The last time I remember writing
something about the long overdue and over-budget F-35 fighter
plane, it was July 2013 and it was
another short bit about how the Department of Defense was going
to buy even more of a plane that is already costing at least 70
percent much as originally advertised but, well, you know, shit
Last February, The Fiscal Times wrote a daming expose on
Pentagon’s Incredible $1.5 Trillion Mistake“:
Equally impossible to ignore is the $1.5 trillion price tag for
one of the biggest failures in Pentagon history. $1.5 trillion is
the cost of operating the air craft for 55 years, an amount that
has been consistently increased as the program drags on. It’s the
most expensive weapons system the Pentagon has ever commissioned.
And as problems mount, there are growing concerns that the
F-35 will never fly a combat mission.
Now Reuters is reporting that
The Pentagon repeatedly waived laws banning Chinese-built
components on U.S. weapons in order to keep the $392
billion Lockheed Martin Corp F-35 fighter program on
track in 2012 and 2013, even as U.S. officials were voicing concern
about China’s espionage and military buildup.
According to Pentagon documents reviewed by Reuters, chief U.S.
arms buyer Frank Kendall allowed two F-35 suppliers, Northrop
Grumman Corp and Honeywell International Inc, to use
Chinese magnets for the new warplane’s radar system, landing gears
and other hardware. Without the waivers, both companies could have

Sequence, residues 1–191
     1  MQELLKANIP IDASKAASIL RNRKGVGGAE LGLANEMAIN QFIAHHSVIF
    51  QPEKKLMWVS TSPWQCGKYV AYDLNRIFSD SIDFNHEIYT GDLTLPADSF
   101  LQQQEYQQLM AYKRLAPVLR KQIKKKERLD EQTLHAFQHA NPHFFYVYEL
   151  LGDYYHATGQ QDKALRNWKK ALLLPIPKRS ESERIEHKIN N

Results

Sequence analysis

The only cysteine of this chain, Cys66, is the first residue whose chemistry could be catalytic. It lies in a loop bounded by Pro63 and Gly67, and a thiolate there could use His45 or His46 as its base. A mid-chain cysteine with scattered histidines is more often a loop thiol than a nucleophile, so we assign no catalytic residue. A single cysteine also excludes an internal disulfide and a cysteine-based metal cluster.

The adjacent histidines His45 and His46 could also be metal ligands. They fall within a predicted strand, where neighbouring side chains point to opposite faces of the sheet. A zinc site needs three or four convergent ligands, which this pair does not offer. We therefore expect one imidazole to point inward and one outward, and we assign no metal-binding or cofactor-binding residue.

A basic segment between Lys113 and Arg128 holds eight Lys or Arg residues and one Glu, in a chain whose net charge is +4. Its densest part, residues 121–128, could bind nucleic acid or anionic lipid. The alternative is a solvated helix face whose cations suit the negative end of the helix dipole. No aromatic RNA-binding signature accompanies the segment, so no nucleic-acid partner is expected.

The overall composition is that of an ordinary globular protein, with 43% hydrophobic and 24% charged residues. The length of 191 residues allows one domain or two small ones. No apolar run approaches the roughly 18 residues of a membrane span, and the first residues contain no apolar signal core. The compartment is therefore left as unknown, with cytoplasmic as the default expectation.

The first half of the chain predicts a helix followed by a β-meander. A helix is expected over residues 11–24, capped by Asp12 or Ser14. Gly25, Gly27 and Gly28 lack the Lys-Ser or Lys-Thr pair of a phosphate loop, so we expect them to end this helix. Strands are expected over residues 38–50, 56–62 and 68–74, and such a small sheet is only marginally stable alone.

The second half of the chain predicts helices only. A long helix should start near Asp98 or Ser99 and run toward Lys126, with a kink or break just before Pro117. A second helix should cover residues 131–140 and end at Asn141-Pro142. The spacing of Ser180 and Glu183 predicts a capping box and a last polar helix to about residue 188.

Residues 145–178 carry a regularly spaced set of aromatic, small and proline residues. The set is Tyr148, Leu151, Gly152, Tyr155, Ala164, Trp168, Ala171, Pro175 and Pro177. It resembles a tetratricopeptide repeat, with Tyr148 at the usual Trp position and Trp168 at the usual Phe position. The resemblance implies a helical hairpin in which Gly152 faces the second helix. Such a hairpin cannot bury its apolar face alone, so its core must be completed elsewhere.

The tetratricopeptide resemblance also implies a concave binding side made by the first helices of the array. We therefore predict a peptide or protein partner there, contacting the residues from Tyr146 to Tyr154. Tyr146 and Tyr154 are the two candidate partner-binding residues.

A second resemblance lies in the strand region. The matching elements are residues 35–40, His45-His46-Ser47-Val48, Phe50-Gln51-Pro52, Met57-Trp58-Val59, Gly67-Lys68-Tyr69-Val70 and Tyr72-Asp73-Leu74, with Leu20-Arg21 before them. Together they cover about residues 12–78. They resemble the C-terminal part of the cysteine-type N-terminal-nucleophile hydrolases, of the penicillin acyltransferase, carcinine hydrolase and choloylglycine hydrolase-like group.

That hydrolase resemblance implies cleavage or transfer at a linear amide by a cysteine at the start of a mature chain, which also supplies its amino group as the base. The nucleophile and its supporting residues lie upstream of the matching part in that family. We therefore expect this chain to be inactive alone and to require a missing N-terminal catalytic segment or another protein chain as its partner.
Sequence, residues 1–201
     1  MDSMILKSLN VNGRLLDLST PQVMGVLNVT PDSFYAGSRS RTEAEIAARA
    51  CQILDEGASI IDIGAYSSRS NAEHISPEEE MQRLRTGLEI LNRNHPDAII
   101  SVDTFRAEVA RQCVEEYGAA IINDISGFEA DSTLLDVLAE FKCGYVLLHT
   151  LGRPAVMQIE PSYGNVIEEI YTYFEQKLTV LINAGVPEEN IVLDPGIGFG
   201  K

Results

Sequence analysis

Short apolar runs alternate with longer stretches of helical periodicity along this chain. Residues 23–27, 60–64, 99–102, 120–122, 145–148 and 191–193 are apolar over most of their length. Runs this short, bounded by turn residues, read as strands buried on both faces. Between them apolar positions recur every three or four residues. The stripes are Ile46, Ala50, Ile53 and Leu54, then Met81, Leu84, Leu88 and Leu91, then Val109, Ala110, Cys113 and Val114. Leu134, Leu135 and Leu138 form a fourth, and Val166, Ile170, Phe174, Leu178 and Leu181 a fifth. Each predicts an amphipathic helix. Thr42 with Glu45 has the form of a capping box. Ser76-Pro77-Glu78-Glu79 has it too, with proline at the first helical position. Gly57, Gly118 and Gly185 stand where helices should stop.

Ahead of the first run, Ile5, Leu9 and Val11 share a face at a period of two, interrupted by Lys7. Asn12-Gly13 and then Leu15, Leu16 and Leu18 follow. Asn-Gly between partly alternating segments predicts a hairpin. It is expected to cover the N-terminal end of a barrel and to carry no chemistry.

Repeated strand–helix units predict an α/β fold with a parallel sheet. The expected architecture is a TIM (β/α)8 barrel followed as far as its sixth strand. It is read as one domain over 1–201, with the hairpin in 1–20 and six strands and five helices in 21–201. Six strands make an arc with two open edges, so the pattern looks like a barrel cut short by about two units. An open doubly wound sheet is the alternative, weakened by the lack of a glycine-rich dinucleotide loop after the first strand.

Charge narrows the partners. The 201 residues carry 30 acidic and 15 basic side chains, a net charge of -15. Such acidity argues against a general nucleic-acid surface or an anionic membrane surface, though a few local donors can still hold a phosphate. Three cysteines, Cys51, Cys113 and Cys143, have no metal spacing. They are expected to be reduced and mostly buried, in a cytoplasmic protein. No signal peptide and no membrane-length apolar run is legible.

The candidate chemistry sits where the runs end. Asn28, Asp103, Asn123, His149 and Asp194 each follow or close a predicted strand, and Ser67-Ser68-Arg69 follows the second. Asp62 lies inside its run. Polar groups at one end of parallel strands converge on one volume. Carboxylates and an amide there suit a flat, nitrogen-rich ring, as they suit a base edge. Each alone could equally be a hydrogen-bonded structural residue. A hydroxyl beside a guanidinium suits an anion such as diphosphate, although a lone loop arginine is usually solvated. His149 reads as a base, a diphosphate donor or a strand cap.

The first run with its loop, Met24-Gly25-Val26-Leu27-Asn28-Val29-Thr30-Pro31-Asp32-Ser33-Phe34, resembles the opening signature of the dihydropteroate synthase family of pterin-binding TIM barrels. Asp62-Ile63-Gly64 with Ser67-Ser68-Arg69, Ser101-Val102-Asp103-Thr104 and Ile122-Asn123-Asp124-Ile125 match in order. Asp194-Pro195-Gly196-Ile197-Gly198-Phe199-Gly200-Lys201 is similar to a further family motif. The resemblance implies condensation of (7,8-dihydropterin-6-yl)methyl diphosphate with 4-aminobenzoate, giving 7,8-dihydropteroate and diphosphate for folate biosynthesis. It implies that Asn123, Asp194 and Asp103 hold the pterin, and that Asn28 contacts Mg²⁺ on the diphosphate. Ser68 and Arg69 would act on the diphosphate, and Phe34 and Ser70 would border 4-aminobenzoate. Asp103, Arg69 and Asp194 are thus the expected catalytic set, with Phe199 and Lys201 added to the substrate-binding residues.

faced sanctions for violating federal law and the F-35 program
could have faced further delays.
The Government Accountability Office (GAO) will
release a report on the matter in March.
Another fun fact: If the Pentagon gets all the F-35s it wants,
it will possess
15 times the number of planes that China has. Assuming at least
some of those rustbuckets work (and aren’t carrying Chi-Com
hardware that is beaming info back to Beijing), we should be pretty
safe from that air war over the Pacific everyone is predicting to
commence any minute now.
Oh yeah, and while we wait for the GAO report to hit the
suck on this: The United States already accounts for fully 40
percent of the planet’s spending on military and defense spending
rose by 80 percent in inflation-adjusted dollars between 2001 and
2012. And somewhere in Arizona is a military aircraft graveyard
packe with over $35 billion (with a
b!) in never-used and nearly-new planes.
from Hit & Run http://reason.com/blog/2014/01/03/biggest-defense-boondoggle-ever-f-35-fig